On Dec. 20, South Korea imposed a ban of poultry imports from the United States following news of the outbreak. The ban includes live birds, eggs and poultry products that have not been heated to 70°C within the past 21 days, the Ministry of Food, Agriculture, Forestry and Fisheries said in a statement.
The US Department of Agriculture confirmed the presence of the virus in a backyard poultry flock of guinea fowl and chickens. The flock of about 100 birds had access to the outdoors, according to the Oregon Department of Agriculture (ODA), and migratory birds frequented a nearby pond and marsh on the premises.
“Steps are being taken to contain the disease and we have not diagnosed avian influenza elsewhere in Oregon’s domestic poultry population, but the presence of the virus in migratory waterfowl poses a potential risk to our backyard poultry,” said Dr. Brad LeaMaster, ODA’s state veterinarian. “This event underscores the importance of biosecurity for backyard bird owners. We strongly encourage owners to take biosecurity measures to reduce the risk of spreading the disease. That includes preventing contact between their birds and wild birds. We also want them to monitor their flock closely and report sick birds.”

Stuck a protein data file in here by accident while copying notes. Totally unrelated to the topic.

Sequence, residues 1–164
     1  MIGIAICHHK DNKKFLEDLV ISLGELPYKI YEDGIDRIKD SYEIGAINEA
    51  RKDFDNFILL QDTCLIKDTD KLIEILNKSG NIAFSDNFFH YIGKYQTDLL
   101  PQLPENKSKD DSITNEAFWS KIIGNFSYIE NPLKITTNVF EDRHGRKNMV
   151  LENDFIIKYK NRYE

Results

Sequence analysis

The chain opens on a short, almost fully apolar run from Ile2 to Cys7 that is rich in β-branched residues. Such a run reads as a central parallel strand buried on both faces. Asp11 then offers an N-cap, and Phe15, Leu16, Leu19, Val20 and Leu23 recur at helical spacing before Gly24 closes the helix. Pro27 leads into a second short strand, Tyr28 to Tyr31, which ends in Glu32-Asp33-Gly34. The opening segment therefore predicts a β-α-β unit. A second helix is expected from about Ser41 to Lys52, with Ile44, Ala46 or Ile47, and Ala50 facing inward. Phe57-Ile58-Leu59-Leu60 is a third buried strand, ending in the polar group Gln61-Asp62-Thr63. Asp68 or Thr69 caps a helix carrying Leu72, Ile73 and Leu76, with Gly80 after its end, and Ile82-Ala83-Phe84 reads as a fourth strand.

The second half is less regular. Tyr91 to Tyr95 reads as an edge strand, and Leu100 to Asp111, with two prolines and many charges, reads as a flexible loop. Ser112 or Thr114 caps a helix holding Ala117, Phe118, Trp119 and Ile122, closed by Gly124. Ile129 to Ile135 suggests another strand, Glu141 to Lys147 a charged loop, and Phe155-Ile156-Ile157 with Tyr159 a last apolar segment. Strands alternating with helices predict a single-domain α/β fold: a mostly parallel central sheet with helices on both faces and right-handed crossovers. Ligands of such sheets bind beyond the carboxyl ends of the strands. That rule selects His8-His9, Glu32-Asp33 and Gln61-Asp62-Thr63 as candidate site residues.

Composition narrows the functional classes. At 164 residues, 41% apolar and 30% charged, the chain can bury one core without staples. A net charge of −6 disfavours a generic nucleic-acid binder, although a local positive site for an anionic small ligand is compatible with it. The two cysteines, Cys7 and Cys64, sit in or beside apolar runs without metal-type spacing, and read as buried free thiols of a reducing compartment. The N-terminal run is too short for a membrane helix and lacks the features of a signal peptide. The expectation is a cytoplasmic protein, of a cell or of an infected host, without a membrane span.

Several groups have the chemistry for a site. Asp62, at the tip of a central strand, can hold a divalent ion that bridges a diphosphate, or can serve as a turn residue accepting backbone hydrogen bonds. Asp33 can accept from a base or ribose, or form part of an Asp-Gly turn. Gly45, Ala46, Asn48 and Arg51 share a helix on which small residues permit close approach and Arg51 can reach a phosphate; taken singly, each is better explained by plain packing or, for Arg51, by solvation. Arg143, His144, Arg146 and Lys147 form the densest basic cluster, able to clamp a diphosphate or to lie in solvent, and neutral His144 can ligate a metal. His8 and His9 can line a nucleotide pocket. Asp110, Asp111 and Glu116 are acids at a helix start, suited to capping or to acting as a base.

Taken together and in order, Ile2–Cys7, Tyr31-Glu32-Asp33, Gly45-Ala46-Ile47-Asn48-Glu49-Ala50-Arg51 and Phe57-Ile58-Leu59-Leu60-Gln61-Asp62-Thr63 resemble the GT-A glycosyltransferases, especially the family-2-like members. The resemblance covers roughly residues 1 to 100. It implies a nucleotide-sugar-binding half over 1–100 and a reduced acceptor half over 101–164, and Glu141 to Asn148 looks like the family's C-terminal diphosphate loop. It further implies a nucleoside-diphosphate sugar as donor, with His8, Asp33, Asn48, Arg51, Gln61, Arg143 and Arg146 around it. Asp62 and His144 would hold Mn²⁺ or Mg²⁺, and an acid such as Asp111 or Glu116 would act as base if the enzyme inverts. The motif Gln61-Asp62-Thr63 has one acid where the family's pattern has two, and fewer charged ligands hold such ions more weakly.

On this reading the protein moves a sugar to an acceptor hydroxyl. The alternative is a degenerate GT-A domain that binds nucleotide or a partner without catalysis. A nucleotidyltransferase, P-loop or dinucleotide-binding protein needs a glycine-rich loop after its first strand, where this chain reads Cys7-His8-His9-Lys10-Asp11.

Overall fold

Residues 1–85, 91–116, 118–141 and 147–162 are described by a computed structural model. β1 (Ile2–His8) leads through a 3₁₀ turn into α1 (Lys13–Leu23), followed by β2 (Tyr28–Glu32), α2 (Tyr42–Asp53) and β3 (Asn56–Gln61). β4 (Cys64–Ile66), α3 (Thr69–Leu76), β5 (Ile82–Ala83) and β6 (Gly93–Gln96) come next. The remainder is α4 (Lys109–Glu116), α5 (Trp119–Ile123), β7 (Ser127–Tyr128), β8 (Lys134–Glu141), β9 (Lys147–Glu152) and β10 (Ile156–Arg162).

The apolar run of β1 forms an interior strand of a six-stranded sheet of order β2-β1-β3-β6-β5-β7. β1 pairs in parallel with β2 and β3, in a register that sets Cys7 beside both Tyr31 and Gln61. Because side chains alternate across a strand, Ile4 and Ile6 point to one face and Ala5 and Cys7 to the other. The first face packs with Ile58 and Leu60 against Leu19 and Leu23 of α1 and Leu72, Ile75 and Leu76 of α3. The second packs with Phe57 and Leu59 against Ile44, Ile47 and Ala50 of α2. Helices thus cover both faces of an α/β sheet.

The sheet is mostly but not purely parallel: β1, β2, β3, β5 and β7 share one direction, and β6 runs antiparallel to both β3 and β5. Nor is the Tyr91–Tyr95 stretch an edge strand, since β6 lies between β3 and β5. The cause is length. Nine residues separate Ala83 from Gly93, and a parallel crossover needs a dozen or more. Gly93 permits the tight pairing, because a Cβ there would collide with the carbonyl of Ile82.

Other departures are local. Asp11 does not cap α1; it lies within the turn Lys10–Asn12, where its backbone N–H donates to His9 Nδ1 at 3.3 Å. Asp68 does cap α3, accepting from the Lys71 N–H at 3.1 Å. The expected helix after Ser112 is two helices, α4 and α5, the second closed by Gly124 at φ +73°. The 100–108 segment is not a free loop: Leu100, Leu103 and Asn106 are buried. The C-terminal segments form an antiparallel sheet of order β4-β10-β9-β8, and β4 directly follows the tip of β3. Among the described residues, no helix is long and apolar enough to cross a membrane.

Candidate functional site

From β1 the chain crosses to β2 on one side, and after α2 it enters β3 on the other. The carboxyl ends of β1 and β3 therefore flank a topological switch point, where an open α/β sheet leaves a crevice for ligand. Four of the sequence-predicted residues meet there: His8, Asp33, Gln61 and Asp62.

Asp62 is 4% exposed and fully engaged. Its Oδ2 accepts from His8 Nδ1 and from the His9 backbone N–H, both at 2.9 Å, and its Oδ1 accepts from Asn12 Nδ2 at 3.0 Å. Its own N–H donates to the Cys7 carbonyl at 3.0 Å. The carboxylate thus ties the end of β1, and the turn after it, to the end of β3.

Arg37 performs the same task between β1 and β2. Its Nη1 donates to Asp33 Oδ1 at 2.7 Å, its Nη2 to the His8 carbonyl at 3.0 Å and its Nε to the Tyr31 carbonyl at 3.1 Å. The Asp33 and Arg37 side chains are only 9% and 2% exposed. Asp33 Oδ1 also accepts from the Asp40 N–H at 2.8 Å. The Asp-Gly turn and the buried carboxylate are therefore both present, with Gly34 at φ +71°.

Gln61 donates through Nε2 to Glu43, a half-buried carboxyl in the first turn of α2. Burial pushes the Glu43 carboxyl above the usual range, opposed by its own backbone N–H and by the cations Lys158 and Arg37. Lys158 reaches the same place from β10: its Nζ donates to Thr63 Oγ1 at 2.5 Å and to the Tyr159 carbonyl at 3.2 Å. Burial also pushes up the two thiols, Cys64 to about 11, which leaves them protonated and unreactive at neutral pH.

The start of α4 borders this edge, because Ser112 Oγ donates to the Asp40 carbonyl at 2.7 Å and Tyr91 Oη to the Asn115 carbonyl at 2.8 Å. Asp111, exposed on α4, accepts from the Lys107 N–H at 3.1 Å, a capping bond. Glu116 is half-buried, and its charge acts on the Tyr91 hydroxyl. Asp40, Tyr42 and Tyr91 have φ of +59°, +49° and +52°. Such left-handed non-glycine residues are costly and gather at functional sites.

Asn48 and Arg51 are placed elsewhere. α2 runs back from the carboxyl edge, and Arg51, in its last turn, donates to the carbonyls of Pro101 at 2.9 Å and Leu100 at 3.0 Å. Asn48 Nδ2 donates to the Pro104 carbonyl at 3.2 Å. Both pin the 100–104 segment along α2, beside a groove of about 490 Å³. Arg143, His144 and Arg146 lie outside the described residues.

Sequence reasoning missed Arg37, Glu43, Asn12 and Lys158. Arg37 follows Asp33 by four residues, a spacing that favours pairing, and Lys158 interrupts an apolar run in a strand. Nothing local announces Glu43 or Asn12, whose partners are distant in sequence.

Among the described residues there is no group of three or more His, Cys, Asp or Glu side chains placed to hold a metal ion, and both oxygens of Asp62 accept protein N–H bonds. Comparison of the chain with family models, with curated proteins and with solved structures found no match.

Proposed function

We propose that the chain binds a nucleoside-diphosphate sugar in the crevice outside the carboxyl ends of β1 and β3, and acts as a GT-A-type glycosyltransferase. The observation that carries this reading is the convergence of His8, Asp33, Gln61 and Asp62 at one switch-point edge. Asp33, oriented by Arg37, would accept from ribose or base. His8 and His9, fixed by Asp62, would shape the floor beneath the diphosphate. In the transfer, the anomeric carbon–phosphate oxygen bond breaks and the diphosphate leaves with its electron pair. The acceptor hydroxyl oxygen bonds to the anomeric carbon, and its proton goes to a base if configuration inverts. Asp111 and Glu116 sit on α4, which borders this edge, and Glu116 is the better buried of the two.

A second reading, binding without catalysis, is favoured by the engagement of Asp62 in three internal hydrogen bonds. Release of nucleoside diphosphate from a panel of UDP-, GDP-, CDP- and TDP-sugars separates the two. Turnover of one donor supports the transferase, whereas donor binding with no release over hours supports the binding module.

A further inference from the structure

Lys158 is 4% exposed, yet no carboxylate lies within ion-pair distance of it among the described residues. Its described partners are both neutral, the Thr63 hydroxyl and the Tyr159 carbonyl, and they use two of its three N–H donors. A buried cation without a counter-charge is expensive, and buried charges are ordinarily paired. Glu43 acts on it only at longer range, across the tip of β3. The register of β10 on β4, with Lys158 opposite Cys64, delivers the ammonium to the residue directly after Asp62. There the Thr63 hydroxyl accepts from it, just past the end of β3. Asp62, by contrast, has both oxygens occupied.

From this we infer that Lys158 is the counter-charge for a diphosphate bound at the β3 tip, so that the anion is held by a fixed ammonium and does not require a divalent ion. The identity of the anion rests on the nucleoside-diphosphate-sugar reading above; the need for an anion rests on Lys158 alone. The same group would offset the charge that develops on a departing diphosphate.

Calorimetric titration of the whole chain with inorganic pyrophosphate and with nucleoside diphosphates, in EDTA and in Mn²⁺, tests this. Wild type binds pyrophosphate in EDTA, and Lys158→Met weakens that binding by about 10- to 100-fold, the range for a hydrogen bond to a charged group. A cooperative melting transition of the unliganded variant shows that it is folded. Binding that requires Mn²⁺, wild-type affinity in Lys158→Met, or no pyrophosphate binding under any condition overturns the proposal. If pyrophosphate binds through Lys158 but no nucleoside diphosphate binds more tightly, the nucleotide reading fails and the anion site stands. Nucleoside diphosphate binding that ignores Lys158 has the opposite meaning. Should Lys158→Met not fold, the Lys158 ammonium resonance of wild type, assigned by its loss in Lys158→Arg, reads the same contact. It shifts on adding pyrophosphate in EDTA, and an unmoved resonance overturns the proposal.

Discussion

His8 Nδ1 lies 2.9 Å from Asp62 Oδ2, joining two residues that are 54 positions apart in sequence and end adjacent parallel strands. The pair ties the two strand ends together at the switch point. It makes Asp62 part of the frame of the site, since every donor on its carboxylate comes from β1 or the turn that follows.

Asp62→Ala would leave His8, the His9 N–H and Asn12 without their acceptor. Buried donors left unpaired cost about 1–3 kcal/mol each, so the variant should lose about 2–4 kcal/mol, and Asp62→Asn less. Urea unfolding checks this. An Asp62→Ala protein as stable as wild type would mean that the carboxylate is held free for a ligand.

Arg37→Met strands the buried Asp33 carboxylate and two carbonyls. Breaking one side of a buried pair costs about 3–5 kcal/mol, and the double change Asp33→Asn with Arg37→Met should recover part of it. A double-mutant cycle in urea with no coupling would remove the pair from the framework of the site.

To date, no avian flu virus has been found in commercial poultry anywhere in the United States. ODA is advising commercial poultry growers and backyard flock owners to practice biosecurity measures and to be vigilant in the wake of the latest discovery.